the demand for original screenplays especially in the romantic comedy genre once the staple of
the Hallmark Hall of Fame and Time/Life TV films. Now this genre is almost completely serviced
by Netflix shows produced or bought in foreign countries and then dubbed in English.
Members of the WGA and SAG-AFTRA have complained that they are underpaid for the work
they do and that there’s less of it. It’s simple economics: if Netflix or the other streamers can get
original content from abroad for less why would they pay top dollar to US writers and crew
members? Labor has always played catch-up with employers who come up with new schemes
to make their products for less money; the film business is no exception. At first they looked
abroad at lower wages and when language seemed to be a hurdle to produce quality content
they came up with the dubbing technique to exploit the advantages of producing and co-
producing abroad. The popularity of shows like Squid Game (Korean), Money Heist (Spanish)
or Borgen (Danish) and The Bridge (Swedish) are just a small grab of content that now is
available on the streamers.
It seems that the WGA and SAG-AFTRA strikes were a local fight between the writers and
actors and nobody seems to consider that this is a battle that can only be won when we look at
the global picture of the forces that are opposing each other. Screenplays can be written abroad
and acting can be dubbed or re-voiced, languages and cultural barriers do not seem to be
playing a significant role anymore in the creation of content for the studios or streamers. The
recognition foreign produced content gets lately (the 2020 Oscar for the South Korean Parasite,
2022 Oscar nominee Drive my Car from Japan and 2022 Prime Time Emmy nominee Squid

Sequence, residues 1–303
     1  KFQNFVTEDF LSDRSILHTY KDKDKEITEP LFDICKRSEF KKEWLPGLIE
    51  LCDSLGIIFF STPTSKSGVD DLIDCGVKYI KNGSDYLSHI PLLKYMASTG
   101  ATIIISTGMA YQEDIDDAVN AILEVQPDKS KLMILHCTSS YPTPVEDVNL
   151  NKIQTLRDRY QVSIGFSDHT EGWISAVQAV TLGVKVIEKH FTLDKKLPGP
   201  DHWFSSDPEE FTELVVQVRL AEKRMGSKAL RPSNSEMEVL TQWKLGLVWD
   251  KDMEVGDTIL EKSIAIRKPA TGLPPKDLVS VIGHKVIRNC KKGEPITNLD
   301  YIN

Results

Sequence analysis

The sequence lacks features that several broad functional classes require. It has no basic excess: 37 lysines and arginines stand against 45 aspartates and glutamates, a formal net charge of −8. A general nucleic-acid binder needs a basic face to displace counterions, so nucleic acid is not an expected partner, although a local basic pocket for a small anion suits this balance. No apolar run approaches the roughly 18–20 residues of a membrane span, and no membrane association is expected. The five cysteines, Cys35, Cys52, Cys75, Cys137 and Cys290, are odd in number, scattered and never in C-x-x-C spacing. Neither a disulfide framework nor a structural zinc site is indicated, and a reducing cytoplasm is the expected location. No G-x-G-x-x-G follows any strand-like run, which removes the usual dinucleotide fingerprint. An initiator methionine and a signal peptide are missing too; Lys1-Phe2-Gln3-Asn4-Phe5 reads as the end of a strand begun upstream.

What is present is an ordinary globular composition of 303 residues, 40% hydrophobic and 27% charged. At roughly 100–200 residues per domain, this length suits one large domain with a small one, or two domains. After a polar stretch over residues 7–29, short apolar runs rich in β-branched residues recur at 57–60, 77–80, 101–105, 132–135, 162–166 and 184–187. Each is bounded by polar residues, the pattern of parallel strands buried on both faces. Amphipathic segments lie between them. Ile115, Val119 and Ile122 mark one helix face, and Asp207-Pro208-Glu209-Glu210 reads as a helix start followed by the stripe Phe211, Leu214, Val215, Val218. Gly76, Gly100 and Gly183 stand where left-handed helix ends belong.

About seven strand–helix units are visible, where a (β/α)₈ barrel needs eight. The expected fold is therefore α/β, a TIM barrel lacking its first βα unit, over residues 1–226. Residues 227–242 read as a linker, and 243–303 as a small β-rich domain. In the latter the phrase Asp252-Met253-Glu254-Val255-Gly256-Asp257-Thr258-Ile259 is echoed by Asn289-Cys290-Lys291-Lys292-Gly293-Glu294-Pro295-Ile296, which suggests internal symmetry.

Game from South Korea) is a sure sign that we’re on the precipice of a breakthrough for
productions from foreign countries. This means that we need to look further than the borders of
the US for help in the fight for what we deem important to the survival of our art, craft, creative
power and economic survival. The IATSE, the union that covers most other workers in the
motion picture, TV and theater industry is making small but important steps in trying to organize
internationally according to a recent article in its magazine. But unions in other countries have to
adhere to different national labor laws and the IATSE like most other US unions organize locally,
so there’s a gargantuan task ahead to coordinate this.
For writers it means they have seriously think about the fact that motion pictures that are
produced in foreign countries and connect with an audience in the US without the cultural
differences being a big hurdle, that the screenplays from that country could easily be applied to
US productions sidestepping all the union rules that an American writer would benefit from. For
the actors they need to look at a show like You Do You and ask themselves, “could that have
been me playing that role? Could the whole cast have been played by American actors? Do the
suburbs of modern Istanbul look that different from American ones? If the drone shots of
Istanbul would be replaced by shots of Los Angeles or New York would it look like an US
production? If AI will be perfected to make the dubbing in English or any other foreign language
so easy what will that mean for my job opportunities here?”

So what to do? At ACE we realized about 10 years ago that we needed to reach out to our
colleagues in other countries to get a conversation going how to confront the issues created by
the expansion of production companies across national borders. We chose to open up our
membership to editors from other countries. ACE is a very well known and respected acronym
on the credits of motion pictures in theaters and TV by editors in other countries so they were
happy to get the attention of their colleagues in the US and the English speaking countries that
are active in the film and TV business. We’re not a union so we’re not a party in the on-going
struggle between the production companies and writers, actors and other production workers
even though we fully support their efforts, but we can coordinate how we’re viewed and
respected as major contributors to the creative forces that produce content for theaters and TV
everywhere in the world. It will help them at home and create some level of solidarity with their
colleagues in foreign countries. In the end the motion picture industry in theater and TV will
greatly benefit from this both economically and creatively.

Striking in motion pictures